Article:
Music in Our Schools Month has students and staff feeling the beat


In the North Bellmore School District’s elementary schools, students and staff embraced National Music in Our Schools Month, celebrated in March. Created by the National Association for Music Education, the nationwide event raises awareness of the importance of children’s access to a quality music education.

Students at the district’s five elementary schools, one in North Merrick and four in North Bellmore, beginning in kindergarten. Some of the teachers shared what children have been learning throughout the year, and the special things that took place in March.

“For Music in Our Schools month, we talk with all the students about why we have music education, the way that it develops our brains and helps us get stronger in our thinking,” Alexander Roff, the general music and chorus teacher at Martin Avenue and Newbridge Road elementary schools, said. “It is a way that we express emotion and create music with feelings or intention. Students are making and singing music and assessing or relating what they are sing to how they feel and the impact it has on their education”

Younger children begin their music education by learning to read music and about different beats, and a singing versus a speaking voice. Third-graders learn to play the recorder, their first chance to take part in an ensemble. Beginning in fourth and fifth grade, students can try a band or orchestra instrument, which is considered a music elective, while still taking general music classes. In sixth grade, they can begin learning to write their own music.

At Park Avenue and John G. Dinkelmeyer elementary schools, sixth-graders have a special opportunity to audition for a hand chime ensemble, under the directorship of Carol Ng, the general music and chorus teacher at both schools.

Hand chimes are tuned square tubes with an external clapping mechanism, rung by hand, similar to bells. Ng explained that the chimes are initially used in her classroom to teach music theory, and that learning to play them in a group promotes teamwork. The chimes are played individually rather than in unison, she said, and each student is responsible for the chimes assigned to them.

Ng began the hand chime ensemble a decade ago at Park Avenue, and about five years ago at Dinkelmeyer. Before she came to North Bellmore, she taught in parochial schools, where hand chime playing is more common than in public schools.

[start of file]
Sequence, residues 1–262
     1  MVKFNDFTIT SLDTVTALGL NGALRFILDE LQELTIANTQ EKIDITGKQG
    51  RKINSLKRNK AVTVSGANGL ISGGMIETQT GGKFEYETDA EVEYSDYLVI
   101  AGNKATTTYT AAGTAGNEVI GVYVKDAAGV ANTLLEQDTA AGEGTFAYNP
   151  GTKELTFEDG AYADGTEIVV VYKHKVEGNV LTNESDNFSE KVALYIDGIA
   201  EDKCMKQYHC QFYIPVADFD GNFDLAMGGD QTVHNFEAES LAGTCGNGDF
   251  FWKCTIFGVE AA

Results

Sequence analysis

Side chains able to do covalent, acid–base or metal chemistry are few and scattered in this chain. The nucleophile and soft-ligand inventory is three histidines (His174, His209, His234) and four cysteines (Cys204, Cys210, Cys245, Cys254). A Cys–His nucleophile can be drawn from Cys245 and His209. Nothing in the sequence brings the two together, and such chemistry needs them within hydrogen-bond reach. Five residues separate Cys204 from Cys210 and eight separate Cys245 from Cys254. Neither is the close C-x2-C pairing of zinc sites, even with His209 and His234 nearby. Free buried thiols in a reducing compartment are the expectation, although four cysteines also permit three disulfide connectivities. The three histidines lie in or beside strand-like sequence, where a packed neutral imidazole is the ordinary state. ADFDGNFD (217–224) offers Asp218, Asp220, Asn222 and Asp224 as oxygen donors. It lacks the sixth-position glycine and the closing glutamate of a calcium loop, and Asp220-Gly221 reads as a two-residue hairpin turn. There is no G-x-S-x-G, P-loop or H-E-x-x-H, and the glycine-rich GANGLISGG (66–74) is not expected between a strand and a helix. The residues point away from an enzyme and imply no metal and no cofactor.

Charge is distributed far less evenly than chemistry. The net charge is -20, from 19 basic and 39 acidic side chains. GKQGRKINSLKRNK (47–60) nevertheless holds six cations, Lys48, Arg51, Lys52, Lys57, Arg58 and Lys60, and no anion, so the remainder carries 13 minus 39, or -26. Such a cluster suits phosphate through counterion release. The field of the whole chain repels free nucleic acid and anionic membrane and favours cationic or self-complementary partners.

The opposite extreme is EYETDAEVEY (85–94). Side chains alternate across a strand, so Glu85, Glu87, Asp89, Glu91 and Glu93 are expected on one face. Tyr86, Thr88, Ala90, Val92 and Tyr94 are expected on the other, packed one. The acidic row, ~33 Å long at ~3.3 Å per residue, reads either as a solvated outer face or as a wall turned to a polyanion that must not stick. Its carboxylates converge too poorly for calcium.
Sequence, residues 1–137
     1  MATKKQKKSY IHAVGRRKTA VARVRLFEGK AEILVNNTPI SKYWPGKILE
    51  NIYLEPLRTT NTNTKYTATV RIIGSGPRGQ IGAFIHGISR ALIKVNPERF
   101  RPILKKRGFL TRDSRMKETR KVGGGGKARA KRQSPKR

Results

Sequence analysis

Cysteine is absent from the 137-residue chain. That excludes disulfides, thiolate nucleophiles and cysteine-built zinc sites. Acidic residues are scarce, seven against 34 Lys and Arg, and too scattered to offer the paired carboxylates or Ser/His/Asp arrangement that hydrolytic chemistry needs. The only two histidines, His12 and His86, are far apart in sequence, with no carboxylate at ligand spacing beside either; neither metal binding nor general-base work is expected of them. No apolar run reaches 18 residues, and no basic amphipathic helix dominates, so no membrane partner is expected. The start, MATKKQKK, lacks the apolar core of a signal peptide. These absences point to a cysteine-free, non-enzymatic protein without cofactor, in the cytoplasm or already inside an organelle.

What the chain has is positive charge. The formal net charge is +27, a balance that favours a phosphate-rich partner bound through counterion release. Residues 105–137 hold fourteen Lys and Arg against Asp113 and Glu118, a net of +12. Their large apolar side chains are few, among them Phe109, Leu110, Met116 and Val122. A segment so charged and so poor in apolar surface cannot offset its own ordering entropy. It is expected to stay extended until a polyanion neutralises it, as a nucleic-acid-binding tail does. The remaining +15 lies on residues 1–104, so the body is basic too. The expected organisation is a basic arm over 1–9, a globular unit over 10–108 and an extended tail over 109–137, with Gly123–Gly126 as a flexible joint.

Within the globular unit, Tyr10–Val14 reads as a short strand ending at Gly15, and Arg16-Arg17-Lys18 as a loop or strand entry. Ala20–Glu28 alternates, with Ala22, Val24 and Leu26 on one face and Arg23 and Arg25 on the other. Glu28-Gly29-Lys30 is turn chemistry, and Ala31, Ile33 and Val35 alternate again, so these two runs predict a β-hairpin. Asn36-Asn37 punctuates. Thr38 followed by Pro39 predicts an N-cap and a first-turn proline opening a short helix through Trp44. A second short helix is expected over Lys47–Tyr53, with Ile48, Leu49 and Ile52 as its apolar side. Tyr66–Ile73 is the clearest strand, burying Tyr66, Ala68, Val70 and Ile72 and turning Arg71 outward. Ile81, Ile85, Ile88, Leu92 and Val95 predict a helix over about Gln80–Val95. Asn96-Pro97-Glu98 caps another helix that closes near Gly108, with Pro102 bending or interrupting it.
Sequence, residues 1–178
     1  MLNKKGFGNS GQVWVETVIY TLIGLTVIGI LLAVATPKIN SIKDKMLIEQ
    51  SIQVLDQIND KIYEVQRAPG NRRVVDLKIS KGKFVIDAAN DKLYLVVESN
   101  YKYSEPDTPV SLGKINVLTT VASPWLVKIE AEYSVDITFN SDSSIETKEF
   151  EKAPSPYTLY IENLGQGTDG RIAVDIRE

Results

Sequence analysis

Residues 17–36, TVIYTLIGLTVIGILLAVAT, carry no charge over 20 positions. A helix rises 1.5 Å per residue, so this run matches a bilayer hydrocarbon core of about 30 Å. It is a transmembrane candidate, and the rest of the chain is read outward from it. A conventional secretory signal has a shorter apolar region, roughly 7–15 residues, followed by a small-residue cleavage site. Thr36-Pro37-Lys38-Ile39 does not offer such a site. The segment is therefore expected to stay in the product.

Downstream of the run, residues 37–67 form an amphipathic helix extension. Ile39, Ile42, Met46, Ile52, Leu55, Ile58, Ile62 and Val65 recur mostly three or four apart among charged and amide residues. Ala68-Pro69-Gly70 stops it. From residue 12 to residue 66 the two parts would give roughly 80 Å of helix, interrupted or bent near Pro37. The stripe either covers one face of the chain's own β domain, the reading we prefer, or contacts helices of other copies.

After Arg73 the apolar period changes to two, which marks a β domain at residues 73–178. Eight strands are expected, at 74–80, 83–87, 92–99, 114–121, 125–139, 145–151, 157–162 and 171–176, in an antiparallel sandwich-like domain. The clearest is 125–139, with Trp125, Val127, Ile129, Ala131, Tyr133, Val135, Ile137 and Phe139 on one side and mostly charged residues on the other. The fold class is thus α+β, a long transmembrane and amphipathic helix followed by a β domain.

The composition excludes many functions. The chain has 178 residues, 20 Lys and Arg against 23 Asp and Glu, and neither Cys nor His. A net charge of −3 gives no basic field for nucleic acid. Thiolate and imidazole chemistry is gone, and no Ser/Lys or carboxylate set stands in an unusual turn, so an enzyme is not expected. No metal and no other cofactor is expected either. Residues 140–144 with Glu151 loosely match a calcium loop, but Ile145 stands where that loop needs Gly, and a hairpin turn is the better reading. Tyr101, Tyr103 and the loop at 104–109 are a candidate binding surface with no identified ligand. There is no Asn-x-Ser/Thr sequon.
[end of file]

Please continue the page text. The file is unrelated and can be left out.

Students begin learning to play the chimes in her general music classes, and can then audition to be part of the ensemble.

There are 23 students in Park Avenue’s ensemble, and 20 in Dinkelmeyer’s.

“Through ringing, students increase their independent thinking, listening skills, attention span, physical coordination, self-discipline and personal expression,” Ng told the Herald. “Students also gain social and emotional skills through collaboration and the development of self-esteem.”

The hand chime ensembles perform at winter and spring concerts.

Across the district, a talented group of sixth-graders are part of the Saw Mill Road Elementary School’s Festival Chorus, which Roff leads with Maritza Lopez, the general music and chorus teacher. Based on students’ choral performance in their music classes, they are selected by the teachers to take part in the ensemble, which includes kids from each of North Bellmore’s schools.

The group practices on Monday afternoons at Newbridge Road.

“The Month of Music is really just celebrating what we already do all year,” Lopez said, “but making a spotlight on the little musicians that we’re developing here in North Bellmore.”

The Festival Chorus gave a special performance at the Board of Education meeting on March 14, for which it had been rehearsing for a month, Lopez said.

“They performed a song in Spanish, and they performed another song that was an All-County piece,” she said.

“We had some student speakers speak about what music means to them. We were able to put together a nice showcase, displaying what music means to everybody, because it really does mean something — especially to those kids who really, really love it, and want to continue it when they go on to middle school.”